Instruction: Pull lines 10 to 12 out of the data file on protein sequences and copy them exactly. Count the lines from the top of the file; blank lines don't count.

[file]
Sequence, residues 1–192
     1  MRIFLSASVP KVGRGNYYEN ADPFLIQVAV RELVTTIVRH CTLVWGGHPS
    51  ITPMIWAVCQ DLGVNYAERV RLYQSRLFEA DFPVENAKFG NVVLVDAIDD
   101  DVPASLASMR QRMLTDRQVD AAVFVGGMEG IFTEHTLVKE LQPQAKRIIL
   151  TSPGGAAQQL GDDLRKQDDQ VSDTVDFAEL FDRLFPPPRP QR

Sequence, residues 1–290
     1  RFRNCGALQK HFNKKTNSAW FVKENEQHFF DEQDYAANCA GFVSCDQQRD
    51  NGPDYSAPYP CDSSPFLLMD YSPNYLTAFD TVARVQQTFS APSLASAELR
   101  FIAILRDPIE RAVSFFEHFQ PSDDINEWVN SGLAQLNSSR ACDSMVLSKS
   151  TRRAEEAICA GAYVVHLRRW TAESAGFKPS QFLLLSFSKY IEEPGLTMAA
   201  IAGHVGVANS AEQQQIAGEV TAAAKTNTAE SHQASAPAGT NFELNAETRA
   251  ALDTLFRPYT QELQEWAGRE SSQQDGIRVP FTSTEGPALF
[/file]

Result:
   151  TRRAEEAICA GAYVVHLRRW TAESAGFKPS QFLLLSFSKY IEEPGLTMAA
   201  IAGHVGVANS AEQQQIAGEV TAAAKTNTAE SHQASAPAGT NFELNAETRA
   251  ALDTLFRPYT QELQEWAGRE SSQQDGIRVP FTSTEGPALF